HTTPS Diagram

Here's how Chrome tells you that there's a problem with the security of the site you're trying to visit.

Second, if implemented correctly, all the traffic between you and the server is encrypted preventing eavesdropping at any point between you and the server. There are a lot of intricacies to how this works that are well beyond the scope of this post, but it's important to note that the encryption within HTTPS is constantly evolving to respond to new threats.

HTTPS Diagram

Here you can see the progression of data from the sender to the receiver and how HTTPS encrypts the information during transfers. In this case, only three parties have access to the clear text.

Gradually more and more traffic has migrated to HTTPS, which is a very good thing, but there’s still a lot of plain HTTP out there. Projects like LetsEncrypt and HTTPS Everywhere have been created with the goal of making web traffic universally encrypted.

Encrypted at rest

HTTPS has provided a great way to protect our data while it's being sent from one place to another, but what about when it's being saved? As recent history has shown data-breaches have become depressingly common. A data-breach is when an attacker gets access to the company’s internal systems and is able to walk away with potentially millions of user records at once. In a cost-benefit-analysis this is a great investment for an attacker. Instead of having to get one user’s data at a time, they can, with single, albeit hopefully harder, attack, get millions of times worth of data.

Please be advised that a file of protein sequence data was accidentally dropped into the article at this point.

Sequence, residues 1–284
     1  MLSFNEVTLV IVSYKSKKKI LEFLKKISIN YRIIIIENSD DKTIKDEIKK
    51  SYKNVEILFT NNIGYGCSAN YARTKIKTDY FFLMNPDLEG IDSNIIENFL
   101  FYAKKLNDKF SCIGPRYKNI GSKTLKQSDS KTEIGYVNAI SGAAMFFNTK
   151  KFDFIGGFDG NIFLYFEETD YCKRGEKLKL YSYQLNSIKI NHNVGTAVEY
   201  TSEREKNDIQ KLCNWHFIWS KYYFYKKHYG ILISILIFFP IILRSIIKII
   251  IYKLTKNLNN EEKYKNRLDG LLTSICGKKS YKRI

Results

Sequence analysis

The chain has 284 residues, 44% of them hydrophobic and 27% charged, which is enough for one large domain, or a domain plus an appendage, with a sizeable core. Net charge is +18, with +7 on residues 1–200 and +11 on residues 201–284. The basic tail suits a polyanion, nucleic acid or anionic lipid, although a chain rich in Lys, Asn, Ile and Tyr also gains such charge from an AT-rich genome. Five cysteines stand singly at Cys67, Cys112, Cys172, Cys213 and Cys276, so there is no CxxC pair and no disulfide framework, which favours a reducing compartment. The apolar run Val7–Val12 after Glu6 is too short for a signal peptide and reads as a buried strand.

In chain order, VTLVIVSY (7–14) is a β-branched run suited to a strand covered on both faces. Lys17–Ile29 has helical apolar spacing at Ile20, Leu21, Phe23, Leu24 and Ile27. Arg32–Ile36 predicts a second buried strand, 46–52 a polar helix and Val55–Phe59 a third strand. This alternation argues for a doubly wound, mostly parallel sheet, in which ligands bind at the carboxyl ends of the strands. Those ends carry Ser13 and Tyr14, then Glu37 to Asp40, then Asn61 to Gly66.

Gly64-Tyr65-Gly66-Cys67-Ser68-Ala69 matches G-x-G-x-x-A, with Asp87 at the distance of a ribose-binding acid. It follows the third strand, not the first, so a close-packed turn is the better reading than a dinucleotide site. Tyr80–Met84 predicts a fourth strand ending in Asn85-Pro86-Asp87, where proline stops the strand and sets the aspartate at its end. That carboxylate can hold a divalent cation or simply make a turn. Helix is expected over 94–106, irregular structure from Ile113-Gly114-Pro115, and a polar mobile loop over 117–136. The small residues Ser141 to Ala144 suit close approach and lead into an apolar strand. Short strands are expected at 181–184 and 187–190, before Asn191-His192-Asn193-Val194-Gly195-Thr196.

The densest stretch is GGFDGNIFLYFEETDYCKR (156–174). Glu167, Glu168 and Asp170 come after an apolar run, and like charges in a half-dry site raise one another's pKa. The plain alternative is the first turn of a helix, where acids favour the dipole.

This is a tricky area for end-users, because, ultimately, it’s out of their hands. The companies managing the information are the only ones who can protect these databases and that’s not an easy task. Even with a dedicated and rigorous approach to security (Which unfortunately is NOT a normal posture), the attackers only need to get lucky once.

As regulations impose more disclosure requirements and penalties around data-breaches the consumer can also become more aware and help to demand services that take security more seriously.

This where the at-rest condition comes into play. If a company encrypts their customer's data when it has been saved and is not in active use that will lessen the risk by making the window where the data is truly vulnerable smaller. The challenge is that the data needs to be decrypted any time it’s operated on, so depending on how the attackers get in, the data can still be stolen.